Off to the Seminar Table — I'll be gone over the weekend to attend a seminar about welfare and individual responsibility with a bunch of grad students, so I won't be posting. However, I'll try to make it up to you Sunday night. My hope is that a bunch of Ph.D. students from ritzier schools than mine will stimulate some fresh thoughts. If so, I'll share them. Oh, and won't you be lucky.
The Benevolent Market — Also in Reason, check out Ron Bailey's piece on some cross cultural experiments conducted by anthropologists and economists. It turns out that people experienced with markets are nicer. The experiments are part of a fascinating larger project to develop a realistic alternative to the startlingly silly homo economicus model of human behavior.
Experimental economics is a fantastically interesting field that I think is finally beginning to get some of the recognition it deserves. If you are on the Nobel Committee, you should nominate this man:
Herbert Gintis, who is featured in Bailey's piece, has always struck me as a very cool, intellectually open guy. He occasionally makes great contributions to the big evolutionary psychology email listserv. And he writes very useful Amazon reviews. And outstanding books on game theory. I declare Gintis my favorite leftist! (Everybody should have one.)
Liberty and Low Brow— Let me breathlessly recommend Charles Freund's In Praise of Vulgarity in Reason — the best magazine article I've read this year. Freund beautifully makes the case for the liberatory power of pop culture.
Ready, Set, Refute! — I have just looked into the heart of the coming evil. Is it a terrorist plot? No! It's a philosophy book… about taxes! NYU's Thomas Nagel and Liam Murphy have teamed up to justify the inherently violent redistributive functions of the managerial welfare state in The Myth of Ownership: Taxes and Justice.
From the publisher's blurb:
Taking as a guiding principle the conventional nature of private property, Murphy and Nagel show how taxes can only be evaluated as part of the overall system of property rights that they help to create.
Does this imply that the system of property rights doesn't exist unless a tax funded state helps create it? Hmmm….
The authors have been doing the colloquium rounds. So you can read parts of the forthcoming book here. Right from the start, the authors go after libertarian conceptions of justice, which are indeed an impediment. It's heartening to know that Nagel, among the most eminent living moral philosophers, sees that he has to beat up on libertarianism before he can move forward. Indeed, it's heartening that the welfare statists feel the need to write book length moral defenses of taxation. At one point, academics took its goodness for granted.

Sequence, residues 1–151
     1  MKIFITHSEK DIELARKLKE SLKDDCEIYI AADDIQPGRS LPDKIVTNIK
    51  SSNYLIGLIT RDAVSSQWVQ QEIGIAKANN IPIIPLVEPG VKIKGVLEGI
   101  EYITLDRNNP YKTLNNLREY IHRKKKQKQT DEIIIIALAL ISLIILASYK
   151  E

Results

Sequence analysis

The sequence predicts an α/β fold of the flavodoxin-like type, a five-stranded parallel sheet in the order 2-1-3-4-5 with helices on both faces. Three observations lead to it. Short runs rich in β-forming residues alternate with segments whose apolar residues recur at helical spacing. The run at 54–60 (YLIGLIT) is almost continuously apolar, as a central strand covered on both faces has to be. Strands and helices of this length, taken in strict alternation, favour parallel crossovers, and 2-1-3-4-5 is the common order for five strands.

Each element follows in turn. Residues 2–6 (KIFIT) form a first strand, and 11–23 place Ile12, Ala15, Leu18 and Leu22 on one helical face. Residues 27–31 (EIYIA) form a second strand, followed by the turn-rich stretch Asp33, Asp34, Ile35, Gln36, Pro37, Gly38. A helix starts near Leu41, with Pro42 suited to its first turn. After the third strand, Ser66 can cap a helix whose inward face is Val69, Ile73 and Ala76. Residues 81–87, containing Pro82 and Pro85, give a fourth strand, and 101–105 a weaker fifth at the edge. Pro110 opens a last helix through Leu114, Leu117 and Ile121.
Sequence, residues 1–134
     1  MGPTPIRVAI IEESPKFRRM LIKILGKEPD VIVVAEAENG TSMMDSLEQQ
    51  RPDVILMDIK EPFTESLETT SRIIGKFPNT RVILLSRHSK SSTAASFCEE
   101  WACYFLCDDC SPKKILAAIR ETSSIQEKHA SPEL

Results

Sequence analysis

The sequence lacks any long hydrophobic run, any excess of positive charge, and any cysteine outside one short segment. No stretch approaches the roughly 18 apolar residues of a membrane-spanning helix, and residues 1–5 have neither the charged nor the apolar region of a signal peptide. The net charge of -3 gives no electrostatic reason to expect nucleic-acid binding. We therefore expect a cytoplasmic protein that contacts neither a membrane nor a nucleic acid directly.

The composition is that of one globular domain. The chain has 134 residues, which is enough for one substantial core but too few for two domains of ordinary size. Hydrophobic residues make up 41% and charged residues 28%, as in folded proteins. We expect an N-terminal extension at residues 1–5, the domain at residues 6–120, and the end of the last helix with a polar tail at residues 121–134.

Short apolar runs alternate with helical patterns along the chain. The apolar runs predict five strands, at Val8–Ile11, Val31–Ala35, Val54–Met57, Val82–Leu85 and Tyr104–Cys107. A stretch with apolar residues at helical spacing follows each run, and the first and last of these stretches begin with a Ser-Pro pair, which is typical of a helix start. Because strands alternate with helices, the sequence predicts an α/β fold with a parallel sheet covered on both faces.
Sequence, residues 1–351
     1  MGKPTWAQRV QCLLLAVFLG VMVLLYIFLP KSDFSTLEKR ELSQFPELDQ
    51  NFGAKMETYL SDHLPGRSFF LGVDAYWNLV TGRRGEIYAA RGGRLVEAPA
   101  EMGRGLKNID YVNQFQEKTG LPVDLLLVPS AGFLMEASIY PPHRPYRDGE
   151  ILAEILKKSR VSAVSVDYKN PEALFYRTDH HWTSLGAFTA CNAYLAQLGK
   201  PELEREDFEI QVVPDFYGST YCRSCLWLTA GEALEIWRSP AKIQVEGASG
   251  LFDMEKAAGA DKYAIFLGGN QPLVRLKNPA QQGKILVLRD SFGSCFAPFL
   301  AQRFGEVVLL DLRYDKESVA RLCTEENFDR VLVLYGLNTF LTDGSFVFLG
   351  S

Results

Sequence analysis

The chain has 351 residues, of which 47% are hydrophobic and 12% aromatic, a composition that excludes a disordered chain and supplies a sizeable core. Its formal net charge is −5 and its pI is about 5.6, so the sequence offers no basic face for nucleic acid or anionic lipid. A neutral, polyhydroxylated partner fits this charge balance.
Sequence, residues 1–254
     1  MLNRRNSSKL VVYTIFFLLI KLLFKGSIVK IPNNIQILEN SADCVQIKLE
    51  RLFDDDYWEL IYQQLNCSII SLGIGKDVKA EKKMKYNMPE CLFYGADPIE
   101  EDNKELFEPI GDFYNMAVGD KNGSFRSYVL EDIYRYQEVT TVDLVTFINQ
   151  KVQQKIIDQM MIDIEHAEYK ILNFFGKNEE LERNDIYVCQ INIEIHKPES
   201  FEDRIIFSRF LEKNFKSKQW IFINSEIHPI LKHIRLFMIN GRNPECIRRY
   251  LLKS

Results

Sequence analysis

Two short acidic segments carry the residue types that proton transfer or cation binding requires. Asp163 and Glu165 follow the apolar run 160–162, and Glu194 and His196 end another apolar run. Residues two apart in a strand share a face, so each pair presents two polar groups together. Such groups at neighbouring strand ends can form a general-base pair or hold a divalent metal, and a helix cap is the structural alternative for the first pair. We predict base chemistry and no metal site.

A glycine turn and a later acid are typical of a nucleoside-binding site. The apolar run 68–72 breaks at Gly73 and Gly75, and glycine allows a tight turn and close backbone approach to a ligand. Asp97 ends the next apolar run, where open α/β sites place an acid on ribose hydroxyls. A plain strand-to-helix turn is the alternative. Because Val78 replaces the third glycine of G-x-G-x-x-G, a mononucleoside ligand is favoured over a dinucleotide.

Political Ecology — You may know about the idea in biology of the evolutionary stable strategy. An implication of the idea is that a mix of strategies can be in a sort of equilibrium, while a single or pure strategy may be unstable.
As an example, imagine that two populations, one of them aggressive (hawks) and one passive (doves). Hawks will always battle their neighbors over any resource. Doves won't fight under any circumstances. A population made up entirely of doves would be unstable; that is, if a mutation caused the introduction of a single hawk, it would have an immediate advantage, and the hawkish behavior would bully the doves out of existence.
But a hawks-only population would also be unstable. A single dove introduced by mutation would have a long-term advantage. That's because the hawks' constantly aggressive behavior leads to frequent injury, while the dove, refusing to fight, escapes that risk.
Through application of game theory, Smith showed that there is a particular ratio of hawks to doves that forms what he called an “evolutionary stable strategy” for the species. Thus, selection actually works to maintain a balance of different characteristics in the population.
I've always felt a pang of skepticism when strongly ideological people say “If only everyone was [a subscriber to the speaker's ideology], then the world would be just great!” Maybe my suspicion is that pure strategies in politics are recipes for trouble. Historically, the healthiest regimes have head a fair degree of ideological plurality. Might there be some optimal distribution of liberals, conservatives, libertarians, and so forth in a population, each stymying the others to just the right degree — a system of ideological checks and balances? The analogy is quite loose, but are there politically stable strategies?
Folks very motivated to legalize heroin are unlikely to be the same folks who are motivated to keep neighborhoods especially suitable for wholesome childrearing, and vice versa. Folks concentrated on lowering the capital gains taxes may not be focused on directly bettering the plight of the poor. Would it be possible to believe that a mixed political stategy is best, yet still remain a devoted ideological purist, quite aware that one merely fills a necessary and useful niche? Or can a purist properly fill her niche ony when she believes that the world is going to fall apart unless all are converted?
Positive Rights and the Branching Garden of Paths — How about a little wandering, inconclusive speculative philosophy? Libertarians tend to conceive of harm in terms of rights violations. I steal your car, I've harmed you. The state denies me the ability to use my property for certain purposes, and I'm harmed. I've been thinking about cases where the major harm isn't so much a traditional rights violation like these, but where people get screwed when something that might have been brought into existence isn't.